Playing Fallout New Vegas over the past year, I’ve come to see the main storyline and the tales told through the downloaded content packs (DLC) as two separate entities. Really, if this were anyone else other than the team of Bethesda and Obsidian, the plot and gameplay found in the four DLCs would be more than enough to be a separate game all their own.
While each of the four DLCs can stand on their own, they are really tied together to form a complete storyline. Throughout the course of the four adventures, we learn a lot about our nemesis Ulysses, a rival courier who walked the roads to the East with Caesar’s Legions over the years we were walking the ones in the West for the NCR. And we learn a lot about ourselves. Let’s not forget that we began our adventure in a shallow grave with a bullet in our brain. Perhaps that’s why we can’t remember much from before, and why we need Ulysses to remind us of our triumphs and crimes.
Throughout the three previous DLC’s we found out about Ulysses. And in the main game we find out that someone else was originally supposed to be Courier 6, the man carrying the platinum chip. That was him. He gave up the job when he found out you were next in line, but we never really knew why. Finally in the third DLC pack, Old World Blues, we got to hear his voice in a series of tapes left behind in the abandoned labs of Big Mountain. It was pretty clear that Ulysses is obsessed with us, though we don’t really know why.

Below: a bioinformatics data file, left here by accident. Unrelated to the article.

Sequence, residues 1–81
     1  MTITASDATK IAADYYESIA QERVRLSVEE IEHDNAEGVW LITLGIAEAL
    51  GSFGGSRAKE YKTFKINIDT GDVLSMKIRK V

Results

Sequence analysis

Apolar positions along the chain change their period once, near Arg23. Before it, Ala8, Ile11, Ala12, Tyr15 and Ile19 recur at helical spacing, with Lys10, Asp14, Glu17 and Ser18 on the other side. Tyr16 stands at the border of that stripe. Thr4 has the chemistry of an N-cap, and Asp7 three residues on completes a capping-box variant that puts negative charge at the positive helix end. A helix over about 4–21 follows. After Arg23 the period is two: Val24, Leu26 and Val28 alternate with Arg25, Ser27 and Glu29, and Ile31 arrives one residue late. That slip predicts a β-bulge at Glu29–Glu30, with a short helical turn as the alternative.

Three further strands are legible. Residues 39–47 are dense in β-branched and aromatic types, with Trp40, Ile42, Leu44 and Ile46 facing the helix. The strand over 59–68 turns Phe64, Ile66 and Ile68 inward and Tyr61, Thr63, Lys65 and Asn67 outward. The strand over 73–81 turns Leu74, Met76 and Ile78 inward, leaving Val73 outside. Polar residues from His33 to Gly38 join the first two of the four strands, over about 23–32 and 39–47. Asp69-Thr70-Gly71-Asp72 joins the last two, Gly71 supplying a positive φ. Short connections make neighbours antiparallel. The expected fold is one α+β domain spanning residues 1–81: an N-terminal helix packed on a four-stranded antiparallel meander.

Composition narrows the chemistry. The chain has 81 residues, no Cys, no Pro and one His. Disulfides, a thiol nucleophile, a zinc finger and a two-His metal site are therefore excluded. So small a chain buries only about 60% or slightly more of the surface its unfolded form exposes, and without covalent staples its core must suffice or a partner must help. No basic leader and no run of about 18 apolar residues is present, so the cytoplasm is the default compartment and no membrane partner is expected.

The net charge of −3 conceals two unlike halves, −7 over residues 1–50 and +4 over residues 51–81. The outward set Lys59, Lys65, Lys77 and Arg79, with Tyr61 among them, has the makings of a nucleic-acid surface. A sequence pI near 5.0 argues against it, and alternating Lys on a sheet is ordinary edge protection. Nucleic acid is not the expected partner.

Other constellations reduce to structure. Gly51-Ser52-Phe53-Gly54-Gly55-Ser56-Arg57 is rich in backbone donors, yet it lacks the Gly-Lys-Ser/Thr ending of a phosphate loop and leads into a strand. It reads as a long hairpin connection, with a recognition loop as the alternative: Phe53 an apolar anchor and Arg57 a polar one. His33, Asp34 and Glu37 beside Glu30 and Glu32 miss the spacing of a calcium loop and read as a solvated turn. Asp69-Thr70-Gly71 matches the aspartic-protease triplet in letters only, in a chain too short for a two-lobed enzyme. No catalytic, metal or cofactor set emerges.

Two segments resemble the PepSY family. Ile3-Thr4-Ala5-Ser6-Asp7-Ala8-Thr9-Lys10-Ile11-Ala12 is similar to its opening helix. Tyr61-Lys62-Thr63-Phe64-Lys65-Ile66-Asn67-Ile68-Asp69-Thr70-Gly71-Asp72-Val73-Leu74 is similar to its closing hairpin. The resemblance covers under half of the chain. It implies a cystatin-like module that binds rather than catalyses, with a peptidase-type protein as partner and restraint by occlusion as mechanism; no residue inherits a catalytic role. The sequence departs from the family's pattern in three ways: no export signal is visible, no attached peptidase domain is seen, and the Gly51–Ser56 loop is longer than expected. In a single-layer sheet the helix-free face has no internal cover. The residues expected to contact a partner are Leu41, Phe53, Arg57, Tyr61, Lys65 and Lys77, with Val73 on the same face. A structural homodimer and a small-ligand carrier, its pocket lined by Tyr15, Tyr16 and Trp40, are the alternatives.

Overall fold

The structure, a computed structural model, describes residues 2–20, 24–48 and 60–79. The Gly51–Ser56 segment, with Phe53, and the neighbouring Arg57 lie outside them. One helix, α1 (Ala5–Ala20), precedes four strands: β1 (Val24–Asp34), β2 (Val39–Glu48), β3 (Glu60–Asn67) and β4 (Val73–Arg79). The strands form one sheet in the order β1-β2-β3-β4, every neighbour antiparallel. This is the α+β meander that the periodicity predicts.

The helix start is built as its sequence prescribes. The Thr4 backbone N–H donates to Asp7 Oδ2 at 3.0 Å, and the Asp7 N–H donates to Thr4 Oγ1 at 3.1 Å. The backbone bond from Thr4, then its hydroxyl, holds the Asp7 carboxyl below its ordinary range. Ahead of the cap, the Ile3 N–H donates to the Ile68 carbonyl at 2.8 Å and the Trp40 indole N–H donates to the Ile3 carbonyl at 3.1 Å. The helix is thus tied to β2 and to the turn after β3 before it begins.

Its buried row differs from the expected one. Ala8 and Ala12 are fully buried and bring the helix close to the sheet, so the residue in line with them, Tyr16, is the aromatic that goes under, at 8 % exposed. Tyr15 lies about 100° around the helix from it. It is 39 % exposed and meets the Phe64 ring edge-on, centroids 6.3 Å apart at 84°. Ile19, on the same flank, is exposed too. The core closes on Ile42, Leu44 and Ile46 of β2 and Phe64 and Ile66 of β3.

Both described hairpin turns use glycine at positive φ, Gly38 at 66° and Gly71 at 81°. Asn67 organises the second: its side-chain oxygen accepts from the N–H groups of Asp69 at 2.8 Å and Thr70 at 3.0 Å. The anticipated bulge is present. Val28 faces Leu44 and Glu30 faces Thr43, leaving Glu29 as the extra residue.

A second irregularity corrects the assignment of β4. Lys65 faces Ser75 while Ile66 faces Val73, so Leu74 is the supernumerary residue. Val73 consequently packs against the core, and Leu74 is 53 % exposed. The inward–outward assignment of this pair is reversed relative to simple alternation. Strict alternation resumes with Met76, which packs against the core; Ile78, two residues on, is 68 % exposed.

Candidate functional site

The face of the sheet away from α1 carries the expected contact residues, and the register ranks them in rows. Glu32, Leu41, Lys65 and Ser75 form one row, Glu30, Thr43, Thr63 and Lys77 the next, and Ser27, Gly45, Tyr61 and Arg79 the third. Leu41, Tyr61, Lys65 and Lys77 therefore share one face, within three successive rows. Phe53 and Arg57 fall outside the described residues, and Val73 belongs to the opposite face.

The adventure beings like most DLCs, with a message, this time from Ulysses, asking you to come to the canyon wreckage, to a place called The Divide, where he promises to answer all your questions. Like the previous DLCs, you can’t take any companions along with you and you can’t have finished the game. So you will need a save sometime before the game ends. You don’t have to have played the previous DLCs, but I would HIGHLY RECOMMEND that you do. Otherwise, all the subtle plot points and revelations made might not make too much sense.
Whereas Dead Money was all about adding a little bit of a horror aspect to the Fallout World and Honest Hearts was a wilderness adventure, Old World Blues was kind of a humorous take on the wasteland. Lonesome Road is all about story telling. The gameplay itself is more or less traditional. You will be fighting in urban and suburban environments and inside some underground places, even high on a freeway overpass at one point. Your goal is to get from one end of The Divide to the other, and let’s hope you have your walking shoes ready, because it’s a big place.
You will quickly discover that The Divide is a very American place. It was a series of towns setup around nuclear silos. More so than any other place in the wasteland, you will feel like you are walking through the remains of the old United States.